NB: In the song Lost Skeleton, you mention that people should get dressed as you for Halloween. I am actually considering it, but what would such a costume entail?
MG: The whole song is about how the spirit of death is so taken by the lost skeleton that death wants to dress up as that character. What is every person afraid of? Death. But death decided to take on my image.
NB: Was Helena, my favourite misfits song ever, written by you? If so, is it based off of personal experience?
MG: I actually co-wrote it with Doyle. And all my lyrics have a personal experience injected into them. Helena is just one of those songs that was inspired by our perspective of a film called Boxing Helena. One of the reasons I love writing in a monster voice is the challenge of artistically working through an already existing work of art. What part of me and my life can I abstractedly fit into the piece of art I am trying to interpret.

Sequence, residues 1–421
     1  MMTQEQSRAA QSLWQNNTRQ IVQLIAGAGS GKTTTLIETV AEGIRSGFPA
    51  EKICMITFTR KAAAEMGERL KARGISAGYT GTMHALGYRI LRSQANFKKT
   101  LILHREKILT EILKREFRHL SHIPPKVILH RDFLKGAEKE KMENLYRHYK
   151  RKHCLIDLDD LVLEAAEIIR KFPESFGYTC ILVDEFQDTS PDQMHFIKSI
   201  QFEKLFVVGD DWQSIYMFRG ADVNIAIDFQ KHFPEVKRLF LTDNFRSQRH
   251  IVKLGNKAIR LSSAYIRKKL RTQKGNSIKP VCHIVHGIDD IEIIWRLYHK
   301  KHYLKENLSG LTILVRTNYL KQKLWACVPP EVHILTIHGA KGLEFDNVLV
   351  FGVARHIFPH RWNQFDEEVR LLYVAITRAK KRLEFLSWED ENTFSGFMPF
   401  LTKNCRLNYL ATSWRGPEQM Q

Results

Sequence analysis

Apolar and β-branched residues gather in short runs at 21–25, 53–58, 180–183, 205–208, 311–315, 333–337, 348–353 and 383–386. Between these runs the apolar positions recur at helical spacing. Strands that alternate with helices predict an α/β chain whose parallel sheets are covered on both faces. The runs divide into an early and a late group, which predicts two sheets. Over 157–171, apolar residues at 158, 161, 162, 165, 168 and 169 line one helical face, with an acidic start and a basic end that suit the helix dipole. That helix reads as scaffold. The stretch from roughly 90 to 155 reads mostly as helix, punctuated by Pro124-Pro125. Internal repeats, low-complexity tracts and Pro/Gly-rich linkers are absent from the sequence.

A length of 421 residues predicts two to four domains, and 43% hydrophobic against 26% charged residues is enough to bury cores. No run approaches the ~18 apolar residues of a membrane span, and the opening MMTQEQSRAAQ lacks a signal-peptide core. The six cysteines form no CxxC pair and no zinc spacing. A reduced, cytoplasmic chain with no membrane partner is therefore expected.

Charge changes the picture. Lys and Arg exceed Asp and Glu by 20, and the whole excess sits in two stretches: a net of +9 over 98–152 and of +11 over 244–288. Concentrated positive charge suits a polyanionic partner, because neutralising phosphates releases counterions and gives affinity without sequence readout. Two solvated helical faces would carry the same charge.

NB: Now I’ll talk about about Amnesia Rockfest. Will it be your first time there?
MAS: He probably doesn’t even remember. But yeah, it will be his first time.
NB: And what are your fans to expect from you at the festival? The poster mentions the Misfits; will you be playing the hits you wrote for them, or mostly your solo work?
MG: Well, I’ll be playing monster music, of course. Mostly, the new monster punk album that I created (The Lost Skeleton Returns), but also past classics that I’ve written, such as Dig Up Her Bones, Scream).
NB: What bands are you looking forward to seeing and meeting at Rockfest? With your whole monster rock image going on, I can see you getting along pretty well with Rob Zombie.